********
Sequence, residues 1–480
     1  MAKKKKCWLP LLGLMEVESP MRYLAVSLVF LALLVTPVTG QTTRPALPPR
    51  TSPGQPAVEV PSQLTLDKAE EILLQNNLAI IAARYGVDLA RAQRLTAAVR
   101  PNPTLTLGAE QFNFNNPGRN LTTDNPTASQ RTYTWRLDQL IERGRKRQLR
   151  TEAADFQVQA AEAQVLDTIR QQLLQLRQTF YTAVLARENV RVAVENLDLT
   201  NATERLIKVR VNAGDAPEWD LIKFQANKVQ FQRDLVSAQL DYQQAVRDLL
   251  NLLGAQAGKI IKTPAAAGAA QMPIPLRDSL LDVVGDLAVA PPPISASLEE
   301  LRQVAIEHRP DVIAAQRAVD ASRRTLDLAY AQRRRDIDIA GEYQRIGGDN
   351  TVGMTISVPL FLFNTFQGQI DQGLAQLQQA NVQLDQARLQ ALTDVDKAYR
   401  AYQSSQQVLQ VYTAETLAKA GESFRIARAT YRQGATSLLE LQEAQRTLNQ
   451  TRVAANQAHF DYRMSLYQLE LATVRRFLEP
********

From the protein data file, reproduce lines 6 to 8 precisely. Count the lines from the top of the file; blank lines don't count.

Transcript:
   201  NATERLIKVR VNAGDAPEWD LIKFQANKVQ FQRDLVSAQL DYQQAVRDLL
   251  NLLGAQAGKI IKTPAAAGAA QMPIPLRDSL LDVVGDLAVA PPPISASLEE
   301  LRQVAIEHRP DVIAAQRAVD ASRRTLDLAY AQRRRDIDIA GEYQRIGGDN